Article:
Babylon Health, a UK-based telehealth app, has suffered a data breach that accidentally allowed app users access to other patients’ video medical consultations with doctors, reports BBC.
For those unaware, Babylon Health, which has more than 2.3 million registered users in the UK, is a health service provider that provides remote consultations with doctors and health care professionals via text and video messaging through its mobile application.
The data breach was first discovered by a Twitter user (@Rory_Glover) who said on Tuesday that after signing in the app, he could see 50 or so videos belonging to others via the Babylon Health app under the Consultation Replays section that did not belong to him.
When Glover clicked on one of the replays, he found that the file contained footage of another person’s appointment.
“I was shocked,” he told the BBC.
“You don’t expect to see anything like that when you’re using a trusted app. It’s shocking to see such a monumental error has been made.”
Glover said he brought the issue to the notice of a work colleague, who used to work for Babylon. He, in turn, highlighted the issue to the company’s compliance department.
Subsequently, Glover’s access to the clips was revoked.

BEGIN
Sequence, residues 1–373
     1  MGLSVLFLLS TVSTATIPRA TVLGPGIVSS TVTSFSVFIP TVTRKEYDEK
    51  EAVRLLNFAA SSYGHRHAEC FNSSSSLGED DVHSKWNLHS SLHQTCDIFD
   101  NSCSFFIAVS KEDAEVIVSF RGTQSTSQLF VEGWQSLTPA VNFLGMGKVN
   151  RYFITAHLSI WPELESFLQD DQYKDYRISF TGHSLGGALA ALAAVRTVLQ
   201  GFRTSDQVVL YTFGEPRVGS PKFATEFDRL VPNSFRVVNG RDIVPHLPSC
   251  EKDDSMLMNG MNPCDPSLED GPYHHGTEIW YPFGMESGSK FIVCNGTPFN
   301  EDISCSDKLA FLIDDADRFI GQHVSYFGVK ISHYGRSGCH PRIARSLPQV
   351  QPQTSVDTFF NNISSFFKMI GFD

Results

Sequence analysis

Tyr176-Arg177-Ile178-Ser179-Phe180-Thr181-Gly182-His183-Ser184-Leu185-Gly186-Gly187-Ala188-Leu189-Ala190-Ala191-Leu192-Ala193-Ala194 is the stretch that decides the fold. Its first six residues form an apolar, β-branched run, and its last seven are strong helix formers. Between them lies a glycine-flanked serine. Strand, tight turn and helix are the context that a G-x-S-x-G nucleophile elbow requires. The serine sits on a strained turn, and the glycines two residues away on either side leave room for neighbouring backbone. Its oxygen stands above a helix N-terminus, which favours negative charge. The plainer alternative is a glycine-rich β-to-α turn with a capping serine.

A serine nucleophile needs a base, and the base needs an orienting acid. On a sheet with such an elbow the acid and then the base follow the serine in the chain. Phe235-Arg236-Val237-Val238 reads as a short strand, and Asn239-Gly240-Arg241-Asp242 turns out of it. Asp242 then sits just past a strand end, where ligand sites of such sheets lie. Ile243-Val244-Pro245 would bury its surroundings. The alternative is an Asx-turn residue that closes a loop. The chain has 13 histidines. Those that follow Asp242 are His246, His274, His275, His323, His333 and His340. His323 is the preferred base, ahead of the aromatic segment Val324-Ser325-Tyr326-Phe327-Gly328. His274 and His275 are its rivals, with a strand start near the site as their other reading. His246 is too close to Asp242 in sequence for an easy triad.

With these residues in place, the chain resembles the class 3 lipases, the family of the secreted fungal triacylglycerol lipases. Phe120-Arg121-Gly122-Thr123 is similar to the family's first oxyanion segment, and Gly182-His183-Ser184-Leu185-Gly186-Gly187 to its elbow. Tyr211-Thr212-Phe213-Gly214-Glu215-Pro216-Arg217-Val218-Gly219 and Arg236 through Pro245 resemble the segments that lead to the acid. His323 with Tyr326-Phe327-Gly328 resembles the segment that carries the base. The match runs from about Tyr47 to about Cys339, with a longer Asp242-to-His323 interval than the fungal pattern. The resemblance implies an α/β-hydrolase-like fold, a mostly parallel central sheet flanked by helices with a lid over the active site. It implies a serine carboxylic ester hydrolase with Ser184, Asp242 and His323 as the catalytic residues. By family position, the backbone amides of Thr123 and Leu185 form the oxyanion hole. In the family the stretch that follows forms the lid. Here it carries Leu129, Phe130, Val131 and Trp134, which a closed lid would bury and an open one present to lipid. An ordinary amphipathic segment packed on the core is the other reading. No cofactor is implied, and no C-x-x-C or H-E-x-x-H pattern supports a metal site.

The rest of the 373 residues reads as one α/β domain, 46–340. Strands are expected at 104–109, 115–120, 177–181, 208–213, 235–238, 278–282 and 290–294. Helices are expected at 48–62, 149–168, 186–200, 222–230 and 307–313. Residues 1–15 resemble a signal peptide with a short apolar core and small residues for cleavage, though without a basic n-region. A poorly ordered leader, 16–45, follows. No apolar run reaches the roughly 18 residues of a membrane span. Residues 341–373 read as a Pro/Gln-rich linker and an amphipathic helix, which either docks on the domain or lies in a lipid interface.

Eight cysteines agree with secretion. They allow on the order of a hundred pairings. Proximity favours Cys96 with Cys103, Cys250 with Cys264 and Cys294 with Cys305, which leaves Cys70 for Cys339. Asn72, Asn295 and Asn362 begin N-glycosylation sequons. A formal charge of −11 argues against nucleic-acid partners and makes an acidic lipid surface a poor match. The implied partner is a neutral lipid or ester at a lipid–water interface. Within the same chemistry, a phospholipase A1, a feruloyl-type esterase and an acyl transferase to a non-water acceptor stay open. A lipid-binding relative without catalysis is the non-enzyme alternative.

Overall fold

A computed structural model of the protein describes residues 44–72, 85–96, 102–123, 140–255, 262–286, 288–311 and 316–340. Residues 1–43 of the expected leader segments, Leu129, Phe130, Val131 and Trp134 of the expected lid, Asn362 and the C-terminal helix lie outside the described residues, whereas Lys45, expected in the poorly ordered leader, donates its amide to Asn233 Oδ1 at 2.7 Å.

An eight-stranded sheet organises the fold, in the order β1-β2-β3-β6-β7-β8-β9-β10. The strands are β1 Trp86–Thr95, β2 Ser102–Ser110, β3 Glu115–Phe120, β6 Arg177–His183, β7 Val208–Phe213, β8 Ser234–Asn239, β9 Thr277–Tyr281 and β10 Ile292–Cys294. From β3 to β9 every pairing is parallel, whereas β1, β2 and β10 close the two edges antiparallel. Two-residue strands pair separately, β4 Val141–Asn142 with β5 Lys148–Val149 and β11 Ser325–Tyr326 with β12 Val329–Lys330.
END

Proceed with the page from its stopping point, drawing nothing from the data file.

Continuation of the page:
Babylon Health has since admitted the data breach and said it was related to a “software error” and not a malicious attack. The software glitch was accidentally introduced via a new feature that allows users to switch from audio to video consultations part way through a call.
According to the company, only a small number of users in the UK were able to view other users’ sessions. Further, Babylon has since fixed the issue and no users would be able to view consultations other than their own henceforth.
“On the afternoon of Tuesday 9 June we identified and resolved an issue within two hours whereby one patient accessed the introduction of another patient’s consultation recording,” a spokesperson for Babylon said in a statement.
“Our investigation showed that three patients, who had booked and had appointments today, were incorrectly presented with, but did not view, recordings of other patients’ consultations through a subsection of the user’s profile within the Babylon app,” the statement continued.
“This was the result of a software error rather than a malicious attack. The problem was identified and resolved quickly.
“Of course we take any security issue, however small, very seriously and have contacted the patients affected to update, apologise to and support where required.
“We proactively notified the Information Commissioner’s Office and will share all the necessary information around this.
“Affected users were in the UK only and this did not impact our international operations.”